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By Dr. Marie Gould Harper
Program Director, Management at American Public University
As I reviewed my previous blog article on sexual harassment in the workplace, I had the opportunity to think about this topic in regard to what is now occurring in our society. We are going through a season when individuals who have spent years as sexual predators are being publicly exposed and fired from their jobs.
Lack of Empathy for Victims Obstructs Reporting of Incidents
Some people have a hard time feeling empathy for the victims who come forth, due to the amount of time that passes before the victims come forward. Unfortunately, there are still instances when victims are questioned about their true motives.
Over the weekend, I was with four women in their late sixties. As they discussed the recent spate of prominent people being accused of sexual harassment or abuse, I was shocked to hear their perception of the victims. Although these women did not deny that the incidents happened, they questioned the victims’ motives in reporting the instances of abuse and sharing them with the public.
Why Can’t Our Society Change How We Treat Harassment Victims?
With modern changes in attitudes between the sexes, you would think that we have evolved as a society to broader-based thinking. But during the past year, we have received an “in your face” message that some bad habits/beliefs have not died.
Instead, they were swept under the carpet and hidden. Those habits/beliefs lay dormant, awaiting either a resurrection from the dark side or a revelation of light exposing those behaviors that we oppose.
Sexual harassment has always been a topic of debate, as individuals struggle to define what it is and agree on how these situations should be handled. As a result, some companies, fearing lawsuits, take action. They implement policies to prevent incidents and show due diligence from a company perspective in addressing proper protocol when sexual harassment incidents occur.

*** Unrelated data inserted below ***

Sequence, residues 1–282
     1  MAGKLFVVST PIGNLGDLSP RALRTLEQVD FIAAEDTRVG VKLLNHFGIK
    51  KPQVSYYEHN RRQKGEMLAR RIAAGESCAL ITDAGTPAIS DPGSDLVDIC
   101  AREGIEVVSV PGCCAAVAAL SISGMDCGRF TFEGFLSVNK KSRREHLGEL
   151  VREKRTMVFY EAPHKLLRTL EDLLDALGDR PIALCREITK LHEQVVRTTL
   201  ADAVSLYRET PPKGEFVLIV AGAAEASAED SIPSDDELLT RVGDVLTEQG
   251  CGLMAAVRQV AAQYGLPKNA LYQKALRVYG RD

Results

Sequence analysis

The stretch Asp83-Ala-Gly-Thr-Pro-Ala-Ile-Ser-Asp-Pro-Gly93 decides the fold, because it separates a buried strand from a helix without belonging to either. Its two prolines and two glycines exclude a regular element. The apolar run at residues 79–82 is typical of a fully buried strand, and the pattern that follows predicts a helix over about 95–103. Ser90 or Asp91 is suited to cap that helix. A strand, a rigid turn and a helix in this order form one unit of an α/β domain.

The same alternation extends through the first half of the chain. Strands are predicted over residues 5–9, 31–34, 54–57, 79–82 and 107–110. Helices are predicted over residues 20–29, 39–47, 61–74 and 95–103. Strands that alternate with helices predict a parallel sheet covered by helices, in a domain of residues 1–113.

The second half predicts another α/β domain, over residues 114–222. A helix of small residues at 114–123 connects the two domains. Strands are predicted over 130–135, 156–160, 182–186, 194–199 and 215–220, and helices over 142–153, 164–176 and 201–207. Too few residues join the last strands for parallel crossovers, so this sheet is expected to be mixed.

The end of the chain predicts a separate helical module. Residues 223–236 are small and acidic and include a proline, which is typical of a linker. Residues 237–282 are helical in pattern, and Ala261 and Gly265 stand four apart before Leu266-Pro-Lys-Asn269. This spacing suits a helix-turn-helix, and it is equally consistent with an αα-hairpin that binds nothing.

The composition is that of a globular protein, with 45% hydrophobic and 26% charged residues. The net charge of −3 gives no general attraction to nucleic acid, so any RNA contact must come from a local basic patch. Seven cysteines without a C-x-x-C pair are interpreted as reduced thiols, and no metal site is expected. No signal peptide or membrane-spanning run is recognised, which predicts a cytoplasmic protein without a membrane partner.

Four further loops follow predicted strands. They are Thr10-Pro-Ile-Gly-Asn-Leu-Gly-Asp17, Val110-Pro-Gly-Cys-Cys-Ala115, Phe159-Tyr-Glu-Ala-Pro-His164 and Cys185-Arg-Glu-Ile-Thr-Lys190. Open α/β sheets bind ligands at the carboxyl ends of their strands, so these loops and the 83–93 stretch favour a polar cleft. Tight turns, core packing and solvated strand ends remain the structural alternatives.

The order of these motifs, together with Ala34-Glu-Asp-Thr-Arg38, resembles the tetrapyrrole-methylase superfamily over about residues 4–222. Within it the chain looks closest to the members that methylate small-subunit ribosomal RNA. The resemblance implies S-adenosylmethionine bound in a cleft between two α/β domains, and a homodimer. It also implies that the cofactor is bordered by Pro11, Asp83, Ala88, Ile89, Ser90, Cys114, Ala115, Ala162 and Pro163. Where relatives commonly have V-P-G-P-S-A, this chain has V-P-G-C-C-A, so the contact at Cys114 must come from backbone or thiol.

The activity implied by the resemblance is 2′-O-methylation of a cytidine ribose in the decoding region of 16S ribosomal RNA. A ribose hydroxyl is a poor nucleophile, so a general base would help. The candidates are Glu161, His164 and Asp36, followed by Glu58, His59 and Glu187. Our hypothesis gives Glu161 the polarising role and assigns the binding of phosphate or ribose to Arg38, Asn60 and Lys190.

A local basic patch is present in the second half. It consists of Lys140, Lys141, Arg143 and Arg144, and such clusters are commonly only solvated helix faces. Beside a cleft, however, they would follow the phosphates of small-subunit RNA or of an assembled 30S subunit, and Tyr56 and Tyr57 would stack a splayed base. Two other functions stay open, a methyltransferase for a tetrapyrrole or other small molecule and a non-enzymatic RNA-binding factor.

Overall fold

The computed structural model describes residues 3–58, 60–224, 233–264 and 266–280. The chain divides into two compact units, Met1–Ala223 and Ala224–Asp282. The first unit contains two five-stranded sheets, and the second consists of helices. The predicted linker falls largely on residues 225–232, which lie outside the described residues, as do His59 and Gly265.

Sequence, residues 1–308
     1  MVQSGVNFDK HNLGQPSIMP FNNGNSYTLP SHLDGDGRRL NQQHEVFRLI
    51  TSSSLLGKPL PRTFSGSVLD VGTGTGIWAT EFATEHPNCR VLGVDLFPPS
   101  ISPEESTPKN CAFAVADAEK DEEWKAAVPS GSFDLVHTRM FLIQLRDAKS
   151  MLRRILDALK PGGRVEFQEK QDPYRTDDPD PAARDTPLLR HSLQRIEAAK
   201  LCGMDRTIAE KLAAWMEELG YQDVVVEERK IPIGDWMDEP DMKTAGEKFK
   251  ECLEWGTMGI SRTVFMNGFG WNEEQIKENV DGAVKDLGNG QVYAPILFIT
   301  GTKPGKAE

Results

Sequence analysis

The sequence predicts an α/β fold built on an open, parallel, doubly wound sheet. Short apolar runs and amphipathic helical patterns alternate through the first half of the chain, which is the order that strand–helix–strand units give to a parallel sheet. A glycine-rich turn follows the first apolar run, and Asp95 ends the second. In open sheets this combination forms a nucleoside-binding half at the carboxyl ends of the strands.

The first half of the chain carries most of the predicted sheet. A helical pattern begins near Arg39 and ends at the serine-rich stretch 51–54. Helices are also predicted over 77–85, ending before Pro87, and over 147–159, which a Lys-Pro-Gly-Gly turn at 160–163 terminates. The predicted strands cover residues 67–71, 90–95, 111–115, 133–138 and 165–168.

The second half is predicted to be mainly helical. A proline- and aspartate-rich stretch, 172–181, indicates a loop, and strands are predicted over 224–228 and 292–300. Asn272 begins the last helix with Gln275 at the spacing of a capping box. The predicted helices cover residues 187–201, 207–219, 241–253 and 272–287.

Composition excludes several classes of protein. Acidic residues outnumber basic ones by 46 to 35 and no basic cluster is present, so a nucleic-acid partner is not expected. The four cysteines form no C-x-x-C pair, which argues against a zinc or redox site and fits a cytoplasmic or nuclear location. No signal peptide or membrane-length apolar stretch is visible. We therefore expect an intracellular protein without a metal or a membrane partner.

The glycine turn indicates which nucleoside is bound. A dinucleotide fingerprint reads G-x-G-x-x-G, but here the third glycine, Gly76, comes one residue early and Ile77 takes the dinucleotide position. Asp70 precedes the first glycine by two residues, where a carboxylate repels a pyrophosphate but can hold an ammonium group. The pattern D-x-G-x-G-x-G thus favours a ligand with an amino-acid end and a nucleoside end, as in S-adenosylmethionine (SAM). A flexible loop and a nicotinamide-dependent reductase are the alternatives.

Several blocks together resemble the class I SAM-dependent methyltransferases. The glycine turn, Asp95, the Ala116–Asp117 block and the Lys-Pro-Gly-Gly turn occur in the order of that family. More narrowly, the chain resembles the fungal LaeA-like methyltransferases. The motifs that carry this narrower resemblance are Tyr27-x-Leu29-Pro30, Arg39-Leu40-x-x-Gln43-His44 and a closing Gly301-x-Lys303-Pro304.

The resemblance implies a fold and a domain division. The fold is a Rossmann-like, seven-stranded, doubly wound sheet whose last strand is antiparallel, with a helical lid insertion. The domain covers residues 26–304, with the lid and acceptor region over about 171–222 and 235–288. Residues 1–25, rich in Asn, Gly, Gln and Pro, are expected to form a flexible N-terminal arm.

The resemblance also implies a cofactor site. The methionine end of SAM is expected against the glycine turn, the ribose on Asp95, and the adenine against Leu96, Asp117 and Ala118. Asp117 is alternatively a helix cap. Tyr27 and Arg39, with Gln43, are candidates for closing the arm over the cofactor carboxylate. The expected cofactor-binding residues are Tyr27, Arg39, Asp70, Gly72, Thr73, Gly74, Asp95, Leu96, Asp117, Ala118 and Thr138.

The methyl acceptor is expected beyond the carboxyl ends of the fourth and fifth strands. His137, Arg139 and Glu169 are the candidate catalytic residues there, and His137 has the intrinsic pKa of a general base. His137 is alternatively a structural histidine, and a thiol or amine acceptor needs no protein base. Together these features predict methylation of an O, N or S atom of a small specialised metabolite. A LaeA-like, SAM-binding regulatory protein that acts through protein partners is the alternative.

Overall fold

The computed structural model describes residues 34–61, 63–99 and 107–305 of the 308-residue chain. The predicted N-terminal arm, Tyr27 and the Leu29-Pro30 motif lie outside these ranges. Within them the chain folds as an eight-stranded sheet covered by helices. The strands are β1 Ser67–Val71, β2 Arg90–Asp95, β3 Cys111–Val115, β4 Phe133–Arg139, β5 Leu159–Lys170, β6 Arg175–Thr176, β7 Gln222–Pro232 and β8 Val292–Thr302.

What Is Sexual Harassment?
According to the Equal Employment Opportunity Commission, sexual harassment is defined as:
“It is unlawful to harass a person (an applicant or employee) because of that person’s sex. Harassment can include sexual harassment or unwelcome sexual advances, requests for sexual favors, and other verbal or physical harassment of a sexual nature.
Harassment does not have to be of a sexual nature, however, and can include offensive remarks about a person’s sex. For example, it is illegal to harass a woman by making offensive comments about women in general.
Both the victim and the harasser can be either a woman or a man, and the victim and harasser can be the same sex.
Although the law doesn’t prohibit simple teasing, offhand comments, or isolated incidents that are not very serious, harassment is illegal when it is so frequent or severe that it creates a hostile or offensive work environment or when it results in an adverse employment decision (such as the victim being fired or demoted).
The harasser can be the victim’s supervisor, a supervisor in another area, a co-worker, or someone who is not an employee of the employer, such as a client or custom.”
What Does a Typical Sexual Harassment Policy Look Like?
To create sexual harassment policies, organizations have come up with strategies to address guidelines as established by the EEOC. Procedures were implemented as a response to combating harassment violations and discrimination that occurred in the past.
The Society for Human Resource Management (SHRM) provides a sample policy for companies to use. Other organizations, such as the Ohio Department of Administrative Services and the Ontario Council of Agencies Serving Immigrants, also offer online samples of sexual harassment policies.